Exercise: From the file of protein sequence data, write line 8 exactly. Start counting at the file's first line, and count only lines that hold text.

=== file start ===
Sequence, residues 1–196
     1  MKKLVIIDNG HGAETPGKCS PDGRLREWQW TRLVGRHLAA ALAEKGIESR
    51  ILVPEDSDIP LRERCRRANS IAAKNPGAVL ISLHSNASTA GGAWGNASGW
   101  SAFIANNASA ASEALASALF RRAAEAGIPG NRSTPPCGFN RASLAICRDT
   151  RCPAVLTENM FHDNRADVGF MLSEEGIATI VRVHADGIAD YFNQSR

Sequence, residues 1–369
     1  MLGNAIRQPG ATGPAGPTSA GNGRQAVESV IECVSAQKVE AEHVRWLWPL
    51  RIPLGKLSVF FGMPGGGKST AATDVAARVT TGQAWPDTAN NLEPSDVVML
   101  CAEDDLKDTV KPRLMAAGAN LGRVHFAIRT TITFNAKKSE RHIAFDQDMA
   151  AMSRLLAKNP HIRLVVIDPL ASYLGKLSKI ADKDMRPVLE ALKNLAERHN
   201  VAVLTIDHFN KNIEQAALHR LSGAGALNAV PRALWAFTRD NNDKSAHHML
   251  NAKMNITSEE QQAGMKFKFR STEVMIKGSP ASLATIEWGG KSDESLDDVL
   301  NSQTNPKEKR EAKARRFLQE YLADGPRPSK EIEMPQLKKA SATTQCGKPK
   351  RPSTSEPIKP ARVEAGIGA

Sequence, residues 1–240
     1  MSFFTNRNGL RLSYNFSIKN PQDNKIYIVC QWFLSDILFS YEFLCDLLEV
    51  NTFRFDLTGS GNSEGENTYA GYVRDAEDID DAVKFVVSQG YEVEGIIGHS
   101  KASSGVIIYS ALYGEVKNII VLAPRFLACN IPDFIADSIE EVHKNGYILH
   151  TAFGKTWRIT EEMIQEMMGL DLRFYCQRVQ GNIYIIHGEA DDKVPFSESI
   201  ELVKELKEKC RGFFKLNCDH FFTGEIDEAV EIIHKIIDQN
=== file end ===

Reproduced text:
    51  RIPLGKLSVF FGMPGGGKST AATDVAARVT TGQAWPDTAN NLEPSDVVML